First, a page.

Babilonia in Taormina, Sicily
For our last class we made three dishes: an eggplant involtini (slices of eggplant rolled up around pasta), polpette all’agrodolce ( meatballs in a sweet and sour sauce) and zucchini ripieni (zucchini halves filled with a ground meat mixture). We worked together as before, with Donatella giving us individual orders and not saying much else unless directly asked.
She had me brown the slices of eggplant in a dry pan without any oil. It worked great and I was excited since when fried eggplant soaks up so much oil. To finish the dish the cooked slices of eggplant are rolled around a rigatoni pasta to which just of touch of cooked tomato sauce has been added, then placed in a casserole dish with the seam side down, topped with parmesan and browned in the oven.
For the meatballs we mixed ground veal with bread crumbs, egg, parsley and a bit of milk to moisten the mixture, then rolled it into golf ball sized balls and coated them with flour. We then sautéed onion in oil to which we added the meatballs and cooked them until golden. To finish the dish a mixture of balsamic vinegar and sugar was added along with ground almonds.
Donatella has this amazing machine (she said it costs €900), that is a sort of super food processor that also makes granita (Italian ice) and gelato. She used it to grind the almonds for the meatball.
For the last dish we cut the zucchini into halves and boiled them until tender. When cool enough to handle we removed the middle and mixed it with chopped green olives, capers, ground meat, onion and a couple of tablespoons of tomato sauce. We then stuffed the mixture back into the zucchini halves and placed them into a casserole dish, sprinkled them with bread crumbs and baked.
At the dinner table both Donatella’s son and her young American houseguest were there as well as someone she introduced as her partner, a pleasant man who talks a lot in rapid, Sicilian accented Italian. At first it was extremely difficult to understand what he was saying, like he was talking with marbles in his mouth. The more he talked the more I understood. It helped that he repeated every thought about five times.
He first talked about food and wine, and explained in great detail that if you cut up garlic and onion fine enough people who say they don’t like garlic will still like the dish even though it has garlic. Then he talked about drinking laws in various counties and the problems of teenagers who drink too much and drinking and driving.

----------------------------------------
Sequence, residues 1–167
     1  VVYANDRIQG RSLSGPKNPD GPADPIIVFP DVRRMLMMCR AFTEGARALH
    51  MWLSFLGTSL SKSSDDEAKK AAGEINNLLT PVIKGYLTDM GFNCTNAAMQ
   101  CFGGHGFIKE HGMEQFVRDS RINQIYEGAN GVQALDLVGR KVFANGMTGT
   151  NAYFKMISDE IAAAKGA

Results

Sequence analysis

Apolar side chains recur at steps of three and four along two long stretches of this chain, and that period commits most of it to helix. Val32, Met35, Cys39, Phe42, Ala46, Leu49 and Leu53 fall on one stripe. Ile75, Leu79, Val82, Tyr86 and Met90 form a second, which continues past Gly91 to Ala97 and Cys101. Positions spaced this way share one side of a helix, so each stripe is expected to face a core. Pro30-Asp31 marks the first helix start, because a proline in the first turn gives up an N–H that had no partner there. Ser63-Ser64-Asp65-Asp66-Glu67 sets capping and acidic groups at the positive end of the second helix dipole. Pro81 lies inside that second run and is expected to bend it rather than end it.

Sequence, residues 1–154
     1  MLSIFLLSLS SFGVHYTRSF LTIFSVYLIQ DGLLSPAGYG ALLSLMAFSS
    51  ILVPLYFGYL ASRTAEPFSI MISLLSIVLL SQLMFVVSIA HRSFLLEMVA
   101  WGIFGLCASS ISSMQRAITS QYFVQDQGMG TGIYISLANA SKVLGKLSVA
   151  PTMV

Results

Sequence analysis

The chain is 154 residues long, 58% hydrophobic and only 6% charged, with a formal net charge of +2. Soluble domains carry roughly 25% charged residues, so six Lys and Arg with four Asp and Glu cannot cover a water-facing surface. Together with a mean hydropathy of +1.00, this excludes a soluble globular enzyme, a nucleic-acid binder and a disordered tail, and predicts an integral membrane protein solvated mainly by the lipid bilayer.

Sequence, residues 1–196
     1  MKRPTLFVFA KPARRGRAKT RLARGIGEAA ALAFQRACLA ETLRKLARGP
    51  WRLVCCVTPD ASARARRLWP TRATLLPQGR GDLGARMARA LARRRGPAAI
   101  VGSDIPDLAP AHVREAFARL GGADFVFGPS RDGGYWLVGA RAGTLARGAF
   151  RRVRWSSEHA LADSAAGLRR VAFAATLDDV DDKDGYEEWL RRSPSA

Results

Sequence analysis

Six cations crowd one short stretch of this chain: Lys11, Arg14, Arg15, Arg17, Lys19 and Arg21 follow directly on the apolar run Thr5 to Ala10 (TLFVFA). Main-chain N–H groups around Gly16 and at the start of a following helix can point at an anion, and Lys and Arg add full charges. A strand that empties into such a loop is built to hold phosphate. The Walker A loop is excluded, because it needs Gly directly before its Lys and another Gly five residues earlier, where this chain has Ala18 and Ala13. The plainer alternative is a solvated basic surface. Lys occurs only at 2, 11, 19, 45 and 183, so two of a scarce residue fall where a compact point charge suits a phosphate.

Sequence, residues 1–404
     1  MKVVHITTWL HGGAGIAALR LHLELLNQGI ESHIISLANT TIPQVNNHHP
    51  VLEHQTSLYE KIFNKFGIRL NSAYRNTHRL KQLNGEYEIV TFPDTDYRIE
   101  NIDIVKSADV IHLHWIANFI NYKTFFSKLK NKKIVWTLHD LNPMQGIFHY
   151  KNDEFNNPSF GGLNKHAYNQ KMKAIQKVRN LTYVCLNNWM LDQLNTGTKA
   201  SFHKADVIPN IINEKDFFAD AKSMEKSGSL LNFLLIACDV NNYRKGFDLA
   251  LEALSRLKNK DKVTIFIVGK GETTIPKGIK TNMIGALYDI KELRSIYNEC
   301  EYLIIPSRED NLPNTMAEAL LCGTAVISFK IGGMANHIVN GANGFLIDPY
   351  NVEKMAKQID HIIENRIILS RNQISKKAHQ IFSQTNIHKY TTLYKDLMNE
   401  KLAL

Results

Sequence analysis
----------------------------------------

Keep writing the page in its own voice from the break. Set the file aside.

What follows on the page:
He was very impressed with the car service that they have in London that for the same price as a taxi fare will return both you and your car to your home. The conversation was interesting and great listening practice, but my mind was really on getting home to see Don. After some group photos and an exchange of email address I walked back to corso Umberto for the last time.
A Chance Encounter with Maya
On the way back home I ran into Maya sitting at table outside a small bar, just 3 minutes from my house. I told her I would come back with Don. Maya is an outgoing, charismatic, happy Swiss German who makes friends with everyone she meets. She came to Taormina not knowing any Italian and in the two weeks she has been here she can say enough to have short little conversations with the various people that sit at the table next to her.
I watched several of these innocent interrogations. One Italian woman, native of Taormina, started out reluctantly answering Maya’s questions, became quickly charmed by her and within a few minutes was asking her questions about where she was from and her Italian studies. According to Maya she was a bit of a trouble maker as teenager and left home at fifteen with pink hair and a pierced nose after her father killed her pet rats in some argument they had over an ex-boyfriend. Now 22, she wears her dark hair in a short stylish bob and works at as a waitress during the ski season in St. Moritz, a high-end tourist area in Switzerland.
She travels the rest of the year and is thinking of opening a bar in some beach area where you don’t need much money to live, maybe Mexico or somewhere in Asia. She has great zest for storytelling and is an entertaining, if not inspiring, companion. She told me “You know, learning a language is really a great thing to do.” You think, Maya? I’ll have to remember that.
For links to all the posts in this series see the Taormina, Sicily page.